Differences in subclinical cardiovascular disease between African American and Caucasian women with systemic lupus erythematosus

Elisa Y. Rhew*, Susan M. Manzi, Alan R. Dyer, Amy H. Kao, Natalya Danchenko, Emma Barinas-Mitchell, Kim Sutton-Tyrrell, David D. Mcpherson, William Pearce, Daniel Edmundowicz, George T. Kondos, Rosalind Ramsey-Goldman

*Corresponding author for this work

Research output: Contribution to journalArticlepeer-review

32 Scopus citations


Racial differences exist in disease rates and mortality in both cardiovascular disease (CVD) and systemic lupus erythematosus (SLE). The objective of this cross-sectional study was to compare the frequency and risk factors for subclinical CVD in African American (AA) and Caucasian women with SLE and no prior CVD events. Traditional CVD risk factors and SLE-related factors were assessed in 309 SLE women. Subclinical CVD was assessed by carotid ultrasound to measure intimamedial thickness (IMT) and plaque, and electron beam computed tomography (EBCT) was used to measure coronary artery calcium (CAC). AA women had less education and higher levels of body mass index, blood pressure, lipoprotein(a), C-reactive protein (CRP), fibrinogen, and erythrocyte sedimentation rate (ESR). However, AA women had lower albumin, more and longer duration of corticosteroid use, higher SLE disease activity and damage, and more dsDNA antibodies compared with Caucasian women after adjustment for age and study site. More AA women had carotid plaque (adjusted odds ratio [OR], 1.94; 95% confidence interval [CI], 1.03-3.65) and higher carotid IMT (0.620 vs 0.605 mm, P = 0.07) but similar CAC compared with Caucasians. A multivariate analysis revealed that the following risk factor variables were significantly different between the racial groups and associated with plaque: blood pressure, current corticosteroid use, SLE disease activity, and SLE damage. All factors contributed to the result, but no individual risk factor fully accounted for the association between race and plaque. In conclusion, the presence of carotid plaque was higher in AA compared with Caucasian women with SLE, in contrast to studies of non-SLE subjects, in which AA have similar or less plaque than Caucasians. A combination of SLE-related and traditional CVD risk factors explained the racial difference in plaque burden.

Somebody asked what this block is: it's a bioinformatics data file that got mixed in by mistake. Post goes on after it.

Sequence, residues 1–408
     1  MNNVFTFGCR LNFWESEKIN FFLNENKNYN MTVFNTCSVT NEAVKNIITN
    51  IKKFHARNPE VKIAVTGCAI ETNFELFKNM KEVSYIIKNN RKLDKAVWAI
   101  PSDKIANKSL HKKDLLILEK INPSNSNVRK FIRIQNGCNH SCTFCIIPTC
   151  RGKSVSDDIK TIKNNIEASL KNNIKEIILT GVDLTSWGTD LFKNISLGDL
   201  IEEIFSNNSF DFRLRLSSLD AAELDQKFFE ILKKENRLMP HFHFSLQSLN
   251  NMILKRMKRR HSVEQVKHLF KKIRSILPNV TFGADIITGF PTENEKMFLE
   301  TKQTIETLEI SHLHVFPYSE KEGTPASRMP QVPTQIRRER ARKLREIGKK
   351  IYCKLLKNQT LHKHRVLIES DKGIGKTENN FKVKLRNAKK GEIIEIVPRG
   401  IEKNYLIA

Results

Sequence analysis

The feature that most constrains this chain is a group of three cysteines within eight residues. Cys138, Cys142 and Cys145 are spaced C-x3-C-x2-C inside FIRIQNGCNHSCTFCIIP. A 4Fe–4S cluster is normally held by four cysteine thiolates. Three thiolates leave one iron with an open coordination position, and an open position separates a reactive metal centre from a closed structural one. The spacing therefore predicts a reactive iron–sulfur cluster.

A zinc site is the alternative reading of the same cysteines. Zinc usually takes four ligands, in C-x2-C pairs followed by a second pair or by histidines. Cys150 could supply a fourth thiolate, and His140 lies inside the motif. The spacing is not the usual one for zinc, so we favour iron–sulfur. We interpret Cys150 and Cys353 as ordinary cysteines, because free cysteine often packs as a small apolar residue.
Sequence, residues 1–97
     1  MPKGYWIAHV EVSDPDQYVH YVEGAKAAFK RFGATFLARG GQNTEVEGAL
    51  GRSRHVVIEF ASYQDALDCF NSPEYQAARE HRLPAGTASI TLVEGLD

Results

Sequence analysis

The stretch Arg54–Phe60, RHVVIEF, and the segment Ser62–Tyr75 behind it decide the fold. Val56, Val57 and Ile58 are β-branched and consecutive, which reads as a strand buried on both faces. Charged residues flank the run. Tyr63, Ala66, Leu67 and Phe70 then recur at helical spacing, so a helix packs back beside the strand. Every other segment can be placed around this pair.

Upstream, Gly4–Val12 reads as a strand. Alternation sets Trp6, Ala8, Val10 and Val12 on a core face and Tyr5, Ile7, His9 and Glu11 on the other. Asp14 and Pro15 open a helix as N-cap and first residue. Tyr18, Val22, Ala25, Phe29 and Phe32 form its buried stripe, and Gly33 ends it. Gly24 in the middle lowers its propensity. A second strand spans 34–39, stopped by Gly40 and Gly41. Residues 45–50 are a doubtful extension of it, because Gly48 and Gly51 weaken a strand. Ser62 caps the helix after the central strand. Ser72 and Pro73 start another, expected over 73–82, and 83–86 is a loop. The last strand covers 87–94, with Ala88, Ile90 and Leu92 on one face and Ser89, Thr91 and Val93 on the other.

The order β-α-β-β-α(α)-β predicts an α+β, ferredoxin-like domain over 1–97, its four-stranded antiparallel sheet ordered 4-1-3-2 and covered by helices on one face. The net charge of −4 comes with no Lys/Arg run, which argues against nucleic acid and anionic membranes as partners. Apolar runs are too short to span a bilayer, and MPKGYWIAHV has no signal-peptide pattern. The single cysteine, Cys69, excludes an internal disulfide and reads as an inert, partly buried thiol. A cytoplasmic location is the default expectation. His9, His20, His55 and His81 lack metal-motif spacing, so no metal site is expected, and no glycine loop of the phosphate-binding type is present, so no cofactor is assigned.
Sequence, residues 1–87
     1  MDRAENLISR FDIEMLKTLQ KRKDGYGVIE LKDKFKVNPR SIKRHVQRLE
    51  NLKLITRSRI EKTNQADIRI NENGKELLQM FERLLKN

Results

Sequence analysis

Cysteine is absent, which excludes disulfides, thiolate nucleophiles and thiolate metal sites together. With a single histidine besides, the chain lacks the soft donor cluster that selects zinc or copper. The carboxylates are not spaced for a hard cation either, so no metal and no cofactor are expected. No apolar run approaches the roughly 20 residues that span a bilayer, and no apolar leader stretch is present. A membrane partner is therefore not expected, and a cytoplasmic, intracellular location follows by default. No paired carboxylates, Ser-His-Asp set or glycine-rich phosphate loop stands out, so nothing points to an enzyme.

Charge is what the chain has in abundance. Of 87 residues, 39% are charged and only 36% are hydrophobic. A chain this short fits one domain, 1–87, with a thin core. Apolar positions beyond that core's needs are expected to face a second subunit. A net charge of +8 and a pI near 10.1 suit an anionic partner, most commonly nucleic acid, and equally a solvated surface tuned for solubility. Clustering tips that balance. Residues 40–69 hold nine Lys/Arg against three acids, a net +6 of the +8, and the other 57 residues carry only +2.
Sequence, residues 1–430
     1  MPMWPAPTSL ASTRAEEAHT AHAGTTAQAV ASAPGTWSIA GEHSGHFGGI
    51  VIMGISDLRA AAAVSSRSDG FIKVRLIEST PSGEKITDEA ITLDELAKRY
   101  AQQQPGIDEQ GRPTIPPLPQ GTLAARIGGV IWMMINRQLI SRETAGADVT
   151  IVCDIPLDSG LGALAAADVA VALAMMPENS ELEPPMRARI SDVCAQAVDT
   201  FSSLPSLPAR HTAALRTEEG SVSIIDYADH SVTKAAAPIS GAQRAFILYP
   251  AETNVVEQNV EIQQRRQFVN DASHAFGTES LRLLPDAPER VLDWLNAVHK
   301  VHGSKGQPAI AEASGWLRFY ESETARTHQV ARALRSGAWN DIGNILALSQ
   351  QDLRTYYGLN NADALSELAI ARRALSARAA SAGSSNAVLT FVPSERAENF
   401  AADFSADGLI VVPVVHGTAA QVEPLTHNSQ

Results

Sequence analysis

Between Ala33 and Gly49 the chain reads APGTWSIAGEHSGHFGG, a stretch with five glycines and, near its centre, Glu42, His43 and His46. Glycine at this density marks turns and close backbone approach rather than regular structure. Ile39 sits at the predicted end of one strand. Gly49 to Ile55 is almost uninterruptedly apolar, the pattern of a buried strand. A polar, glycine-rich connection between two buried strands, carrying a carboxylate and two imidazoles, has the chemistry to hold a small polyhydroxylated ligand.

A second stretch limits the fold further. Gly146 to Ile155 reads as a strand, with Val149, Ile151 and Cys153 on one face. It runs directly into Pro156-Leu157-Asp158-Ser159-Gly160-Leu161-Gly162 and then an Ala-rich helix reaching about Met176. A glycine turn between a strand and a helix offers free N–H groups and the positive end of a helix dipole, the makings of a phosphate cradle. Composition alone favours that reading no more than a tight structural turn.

Original languageEnglish (US)
Pages (from-to)51-59
Number of pages9
JournalTranslational Research
Issue number2
StatePublished - Feb 2009

ASJC Scopus subject areas

  • Public Health, Environmental and Occupational Health
  • Biochemistry, medical
  • Physiology (medical)


Dive into the research topics of 'Differences in subclinical cardiovascular disease between African American and Caucasian women with systemic lupus erythematosus'. Together they form a unique fingerprint.

Cite this